Want to Train at Point #3? Train with our steady, efficient program

(Reporting for both workouts is now mobile-friendly.)

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19 Comments. Leave new

  • Bryan

    Is there some way to simply purchase the program so that we can plot our data points ourselves?

  • Yes, buy the e-booklet that comes with the program and do your own calculations after each workout. (You’ll at least get an approximation of what I do. I perform 60+ calculations per workout using algebra, because the effect that Volume and Intensity have on your Recovery are not linear.)

    Here’s the e-booklet link: http://www.precisiontraining.com/products/mass-gain-study-part-1/

  • JAdam

    Is static contraction training compatible with the ARX Alpha machine. I am pretty sure that the answer is yes, but may I email you some questions?

  • I don’t know the specifics of those machines.

    If you want to get into the specifics of your own training and how to adapt my methods you’re going to need to set up a consultation with me.

    http://www.precisiontraining.com/talk-pete/

  • […] Now my wife and I have been traveling non-stop since our kids grew up and we live all over the world, moving to new countries every few months or so. I do work I really enjoy and because I do it in a very ‘hands on’ way it means it will always be a small operation delivered to a relative handful of people. I hope you become one of them. […]

  • Aaron

    Has any one here after a period of time of training with SCT gone into the gym to test whether or not they have gained strength in a full range of motion for each exercise???
    Thanks in advance.

  • People have reported a very wide variance in transference from strongest range power to full range power.

    Some people claim nearly total transference, while others says they had almost zero. Most people are in the middle. (E.g. Add 100 lbs to their strong range bench press but only 25 lbs to their full range.)

    I always ask, if you added 15 lbs of new lean muscle mass by training in your strongest and safest range of motion, would you really care if your full range power was unchanged?

  • Aaron

    Thanks Pete,
    I thought that may have been the case, as usual there is no one result that fits all. There is one guy on youtube claiming he lost strength in his full range of motion after doing the original partial rep power factor training, however he never stated the length of time between his last session and when he tested his full range strength (perhaps too early). I was referred to SCT by a family friend who was 10 weeks into it. He reported a big functional strength improvement in his Brazilian Ju-Jitsu grappling, previously being out muscled by larger men (he is a lean 75kgs). After 10 weeks he was man handling 100kg + sparring partners. Naturally, he is very happy. Apart from your golf player study, are you familiar of any other functional strength improvements from your programs?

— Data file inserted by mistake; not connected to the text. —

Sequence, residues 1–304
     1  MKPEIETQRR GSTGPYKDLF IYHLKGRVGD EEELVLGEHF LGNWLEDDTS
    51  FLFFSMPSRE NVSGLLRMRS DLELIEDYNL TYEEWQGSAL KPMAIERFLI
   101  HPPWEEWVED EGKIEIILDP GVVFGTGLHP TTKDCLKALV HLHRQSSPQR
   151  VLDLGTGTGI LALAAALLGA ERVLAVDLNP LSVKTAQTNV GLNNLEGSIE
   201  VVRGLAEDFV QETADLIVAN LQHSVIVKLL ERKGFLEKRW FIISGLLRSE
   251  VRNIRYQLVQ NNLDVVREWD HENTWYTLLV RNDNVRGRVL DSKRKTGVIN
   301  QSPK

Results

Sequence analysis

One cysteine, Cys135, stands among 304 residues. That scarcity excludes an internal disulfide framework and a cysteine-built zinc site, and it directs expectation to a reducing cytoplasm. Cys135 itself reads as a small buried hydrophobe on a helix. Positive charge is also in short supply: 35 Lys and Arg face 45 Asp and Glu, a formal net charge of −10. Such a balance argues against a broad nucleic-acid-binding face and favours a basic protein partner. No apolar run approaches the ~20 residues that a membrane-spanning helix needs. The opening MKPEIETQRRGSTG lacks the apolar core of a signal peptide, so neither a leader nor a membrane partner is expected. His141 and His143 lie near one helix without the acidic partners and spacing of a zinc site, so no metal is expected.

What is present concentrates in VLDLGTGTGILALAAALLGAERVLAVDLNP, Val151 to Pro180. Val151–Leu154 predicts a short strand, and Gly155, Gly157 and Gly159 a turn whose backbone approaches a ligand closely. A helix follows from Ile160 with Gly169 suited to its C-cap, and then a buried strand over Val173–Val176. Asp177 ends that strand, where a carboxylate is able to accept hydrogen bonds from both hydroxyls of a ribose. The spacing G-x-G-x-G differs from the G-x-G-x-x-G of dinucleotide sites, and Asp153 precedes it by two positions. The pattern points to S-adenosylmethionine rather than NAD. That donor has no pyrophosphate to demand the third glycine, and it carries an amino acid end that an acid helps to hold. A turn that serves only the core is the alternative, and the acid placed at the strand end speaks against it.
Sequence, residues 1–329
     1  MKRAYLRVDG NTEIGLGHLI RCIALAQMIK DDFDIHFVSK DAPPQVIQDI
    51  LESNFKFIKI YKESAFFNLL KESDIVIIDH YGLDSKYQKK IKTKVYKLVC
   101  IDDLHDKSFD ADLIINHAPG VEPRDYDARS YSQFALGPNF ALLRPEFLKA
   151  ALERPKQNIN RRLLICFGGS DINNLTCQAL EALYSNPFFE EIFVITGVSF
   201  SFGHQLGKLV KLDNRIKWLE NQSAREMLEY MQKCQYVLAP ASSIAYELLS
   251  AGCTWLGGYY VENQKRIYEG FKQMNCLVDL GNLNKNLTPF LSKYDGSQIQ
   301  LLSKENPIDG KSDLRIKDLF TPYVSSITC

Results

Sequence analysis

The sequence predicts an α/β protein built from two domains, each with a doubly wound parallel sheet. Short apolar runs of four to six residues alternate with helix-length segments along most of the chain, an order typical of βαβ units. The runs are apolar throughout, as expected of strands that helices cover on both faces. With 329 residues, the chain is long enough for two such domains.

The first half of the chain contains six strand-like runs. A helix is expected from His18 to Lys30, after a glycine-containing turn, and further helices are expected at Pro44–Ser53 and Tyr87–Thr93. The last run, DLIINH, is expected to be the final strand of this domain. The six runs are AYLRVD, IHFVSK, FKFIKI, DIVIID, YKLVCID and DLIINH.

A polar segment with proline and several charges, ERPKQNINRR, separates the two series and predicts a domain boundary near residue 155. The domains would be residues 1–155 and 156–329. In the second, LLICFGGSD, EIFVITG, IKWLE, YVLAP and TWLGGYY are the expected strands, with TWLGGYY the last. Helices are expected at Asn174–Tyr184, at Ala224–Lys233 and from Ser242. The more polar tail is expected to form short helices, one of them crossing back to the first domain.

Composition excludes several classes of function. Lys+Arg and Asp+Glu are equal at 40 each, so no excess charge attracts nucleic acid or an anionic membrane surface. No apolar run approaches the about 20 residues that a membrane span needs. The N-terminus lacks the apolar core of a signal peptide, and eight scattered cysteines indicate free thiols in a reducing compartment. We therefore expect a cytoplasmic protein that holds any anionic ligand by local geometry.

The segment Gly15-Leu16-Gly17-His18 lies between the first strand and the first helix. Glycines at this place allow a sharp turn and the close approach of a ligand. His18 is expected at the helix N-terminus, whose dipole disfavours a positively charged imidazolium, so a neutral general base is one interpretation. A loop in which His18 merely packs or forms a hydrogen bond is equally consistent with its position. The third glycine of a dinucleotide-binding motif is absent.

I’m a 30 yr old Aussie up too my 6th workout on the weekend. I’m adding weight every session and pleased with the noticeable aesthetic results already. after a period of time I’ll be curious to test out my full range strength and see how it stacks up! Thanks again Pete.

  • admin

    My routine recommends doing strong-range partial leg presses. We measured people’s power output and no leg exercise matched the leg press done our way. And there’s almost no strain on your spine.

  • Robert

    After 4 months of progress I could not progress anymore. I tried adding rest days but it did not help. Please help me.

  • admin

    Four months of progress means you were doing it right. Try adding 50% to your rest interval. (Eg. a 10 days off moves to 15 days off) If that doesn’t work, add 50% again. Muscles take months to atrophy, so don’t worry about losing muscle. I work with many people who need months off in order to set new personal records. (Which is what you are shooting for every time you enter the gym.)

  • Robert

    Thanks. I will try as you suggested. I wonder if you are injured or cannot train because of some social event how do you adapt your training?

  • Robert

    continuation: If you are sick.

  • Robert

    Please answer.

  • Bj

    Pete,
    Sorry if this question has already been asked I didn’t read the whole thread to see if it was. But, I’m doing power factor and was wondering if the power factor number for a particular exercise has to go up in order to count it as a success or just simply the fact that I added weight can be considered a success. As you know, sometimes just because you lifted more weight doesn’t mean the power factor has gone up. I’m in that situation at the moment and am trying to figure out if I should count it as an improvement. Thanks

  • Either your Power Factor, or Power Index, or both has to go up in order to reflect an increase in Intensity. We are measuring Weight/Time.

    We care about this measurement because new muscle growth is stimulated by increasing Intensity of exercise.

  • Bj

    Thanks for responding. I was wanting to move into the engineered strength gym with my power factor workouts. I just started the workouts a couple of weeks ago. Would it be easy to pick up where I am and go right into the engineered gym program?

  • Yes, that’s easy. You just sign up and then your first workout is what you would have done anyway if you didn’t join.

    We progress from there.

  • Robert

    How many rest days do you have after having progressed after 50 % more rest days and then regressing again?